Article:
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Programming: once I've started, how do I continue?

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I've started on Python for my first language (and am slowly developing a list) and I asked my mom whether she'd ever been so fustrated on trying to figure out how to make it (programming) work, she'd wanted to scream the loudest and powerful of obscenities. She said "welcom to programming." So does this mean that I'll just have to stare at my code until one day it works - every time I write a new program? I was hoping my confusion would simply be a noobish quirl, and that this might happen when ever I learn something new, but I'm just trying to make a simple text adventure game. Is programing really the arguous juorny it's shaping out to be? I'm not saying I'll ever give of, I mean I'll be going to college for this stuff in two years (and yes I know I should have maybe started code sooner), but I was just wondering what the vet's opinions on this were, and maybe how other beginers felt.

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Well, I'm certainly no veteran but I can help you out with that. Yes, there will always be times when you're thinking "Now why the hell won't this work?", but if you keep it for a little while you'll always find a solution. I've been programming quite a little while now, still come across problems. But like I just said, I always fix 'em and keep going. I still immensely enjoy programming, too. ;)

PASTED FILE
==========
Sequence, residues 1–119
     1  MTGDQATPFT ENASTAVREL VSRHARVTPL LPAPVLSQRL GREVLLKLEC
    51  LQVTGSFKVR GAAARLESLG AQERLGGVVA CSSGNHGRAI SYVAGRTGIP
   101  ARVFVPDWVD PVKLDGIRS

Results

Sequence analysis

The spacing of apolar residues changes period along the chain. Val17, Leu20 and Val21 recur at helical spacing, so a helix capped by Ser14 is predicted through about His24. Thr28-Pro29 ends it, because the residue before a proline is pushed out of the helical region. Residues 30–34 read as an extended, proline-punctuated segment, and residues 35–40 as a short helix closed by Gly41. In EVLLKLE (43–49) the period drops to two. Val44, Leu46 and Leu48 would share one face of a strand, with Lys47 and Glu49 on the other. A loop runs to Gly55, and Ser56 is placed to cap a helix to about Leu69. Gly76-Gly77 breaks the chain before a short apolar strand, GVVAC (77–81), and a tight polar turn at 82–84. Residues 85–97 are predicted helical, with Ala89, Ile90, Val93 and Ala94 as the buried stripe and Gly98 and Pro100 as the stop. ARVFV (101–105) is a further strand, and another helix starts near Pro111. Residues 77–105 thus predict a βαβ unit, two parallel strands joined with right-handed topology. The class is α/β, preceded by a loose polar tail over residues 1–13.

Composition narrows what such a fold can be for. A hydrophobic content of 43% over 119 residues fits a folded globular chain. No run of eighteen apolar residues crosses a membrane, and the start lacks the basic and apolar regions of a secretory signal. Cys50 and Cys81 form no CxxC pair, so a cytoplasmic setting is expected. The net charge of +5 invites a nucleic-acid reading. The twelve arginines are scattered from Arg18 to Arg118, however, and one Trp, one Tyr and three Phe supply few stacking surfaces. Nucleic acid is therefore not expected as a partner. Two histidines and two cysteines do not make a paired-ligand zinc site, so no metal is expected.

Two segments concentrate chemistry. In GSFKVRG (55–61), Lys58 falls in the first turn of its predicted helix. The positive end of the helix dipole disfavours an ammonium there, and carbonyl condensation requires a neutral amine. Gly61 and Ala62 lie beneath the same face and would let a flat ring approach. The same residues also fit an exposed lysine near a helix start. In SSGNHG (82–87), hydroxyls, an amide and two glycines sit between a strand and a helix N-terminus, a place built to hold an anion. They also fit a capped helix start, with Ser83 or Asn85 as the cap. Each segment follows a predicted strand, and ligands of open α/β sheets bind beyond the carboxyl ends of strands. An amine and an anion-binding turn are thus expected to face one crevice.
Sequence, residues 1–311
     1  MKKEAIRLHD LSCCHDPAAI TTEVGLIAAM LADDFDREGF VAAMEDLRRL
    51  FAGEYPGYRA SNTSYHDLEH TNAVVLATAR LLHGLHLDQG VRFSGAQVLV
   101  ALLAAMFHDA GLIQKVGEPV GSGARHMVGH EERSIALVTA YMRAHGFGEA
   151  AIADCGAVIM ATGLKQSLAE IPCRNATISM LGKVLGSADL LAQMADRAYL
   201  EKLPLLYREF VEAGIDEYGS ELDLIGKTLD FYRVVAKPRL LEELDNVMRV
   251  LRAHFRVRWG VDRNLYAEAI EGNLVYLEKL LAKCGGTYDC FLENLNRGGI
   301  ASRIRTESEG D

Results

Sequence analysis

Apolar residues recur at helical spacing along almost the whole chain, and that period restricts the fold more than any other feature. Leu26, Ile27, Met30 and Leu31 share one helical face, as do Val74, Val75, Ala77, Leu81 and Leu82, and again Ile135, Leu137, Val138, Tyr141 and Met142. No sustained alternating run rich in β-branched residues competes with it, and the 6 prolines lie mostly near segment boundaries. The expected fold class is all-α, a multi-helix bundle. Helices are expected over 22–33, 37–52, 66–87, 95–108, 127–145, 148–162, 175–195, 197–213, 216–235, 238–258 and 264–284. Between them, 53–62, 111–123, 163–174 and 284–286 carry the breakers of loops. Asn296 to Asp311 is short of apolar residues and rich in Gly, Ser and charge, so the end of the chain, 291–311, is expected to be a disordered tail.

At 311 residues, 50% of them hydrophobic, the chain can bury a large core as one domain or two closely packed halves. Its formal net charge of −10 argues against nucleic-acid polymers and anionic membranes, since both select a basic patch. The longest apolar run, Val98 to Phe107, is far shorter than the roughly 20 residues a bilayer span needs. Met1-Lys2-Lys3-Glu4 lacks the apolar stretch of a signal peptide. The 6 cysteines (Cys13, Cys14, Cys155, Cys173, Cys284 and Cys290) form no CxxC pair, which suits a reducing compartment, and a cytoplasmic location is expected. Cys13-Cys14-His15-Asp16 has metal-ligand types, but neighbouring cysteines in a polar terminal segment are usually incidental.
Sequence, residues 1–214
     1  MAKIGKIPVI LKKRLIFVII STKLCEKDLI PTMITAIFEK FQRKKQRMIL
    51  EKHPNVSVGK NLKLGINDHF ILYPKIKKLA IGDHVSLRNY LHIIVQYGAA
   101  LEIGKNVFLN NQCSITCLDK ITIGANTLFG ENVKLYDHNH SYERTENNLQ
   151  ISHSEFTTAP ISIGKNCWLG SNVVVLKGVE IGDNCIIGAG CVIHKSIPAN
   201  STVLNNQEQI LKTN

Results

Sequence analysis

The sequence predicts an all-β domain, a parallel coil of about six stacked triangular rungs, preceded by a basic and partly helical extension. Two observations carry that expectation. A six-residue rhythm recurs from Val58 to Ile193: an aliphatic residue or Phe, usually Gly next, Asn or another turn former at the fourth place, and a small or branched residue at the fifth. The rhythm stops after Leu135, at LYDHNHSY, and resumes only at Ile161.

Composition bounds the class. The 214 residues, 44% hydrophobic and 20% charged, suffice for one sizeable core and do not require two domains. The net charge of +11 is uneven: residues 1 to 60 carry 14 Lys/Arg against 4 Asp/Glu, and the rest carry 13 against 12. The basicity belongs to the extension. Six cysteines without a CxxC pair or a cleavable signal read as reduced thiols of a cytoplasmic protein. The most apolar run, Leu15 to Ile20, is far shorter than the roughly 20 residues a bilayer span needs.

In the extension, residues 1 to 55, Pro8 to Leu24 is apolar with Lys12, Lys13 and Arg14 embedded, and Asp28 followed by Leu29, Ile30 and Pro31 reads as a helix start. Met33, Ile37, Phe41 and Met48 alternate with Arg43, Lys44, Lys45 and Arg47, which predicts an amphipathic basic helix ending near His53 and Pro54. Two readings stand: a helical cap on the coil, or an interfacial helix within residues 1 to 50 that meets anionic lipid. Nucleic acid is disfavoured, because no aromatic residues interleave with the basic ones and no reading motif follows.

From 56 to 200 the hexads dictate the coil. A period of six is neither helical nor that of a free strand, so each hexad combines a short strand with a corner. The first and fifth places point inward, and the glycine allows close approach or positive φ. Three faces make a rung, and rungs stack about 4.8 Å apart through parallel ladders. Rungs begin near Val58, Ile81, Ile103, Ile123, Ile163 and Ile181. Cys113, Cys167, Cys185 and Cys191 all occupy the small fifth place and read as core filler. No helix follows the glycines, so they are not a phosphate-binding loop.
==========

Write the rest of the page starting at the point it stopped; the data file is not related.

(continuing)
-Aternus

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Programming is relatively "easy", if you've designed your system well and thought of *most* of the things before hand.

Debugging can be a nightmare in some cases, but with experience you'll find it easier.

When the logic of my code doesn't seem to work, I usually end up using pen and paper, tracing out what's happening, what's the results of calculations, what is should be, etc... until I pin point the exact problem.

And there's no problem with the age you've started programming... I mean, I was around 17 when I *seriously* started programming (no, I don't consider copy pasting / messing around code from magazines when I was 5 to be serious coding)... and I don't feel this holds me back. Go outside, play sports, you'll have your entire carreer to program ;)

Cheers

Eric

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Bruce Lee became a martial arts expert by constantly getting into fights. He undoubtedly got his ass kicked over and over many times in the beginning. This is just the price for mastering a skill. The only reprieve is that you get to control how fast and frequently the ass kickings happen.

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Planning thoroughly will remove most of your problems. It took me a while to learn that, lol. Plan out your program/game on paper before you start writing code, otherwise:

A. Your code will look very messy as you remove and add things to fix problems.

B. You will have lots of problems

C. Planning ahead gives you the ability to make things more efficient, and to think of better ways to do things.

Bottom line, if you plan, you won't be nearly as frustrated in the middle.

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OK. Thanks.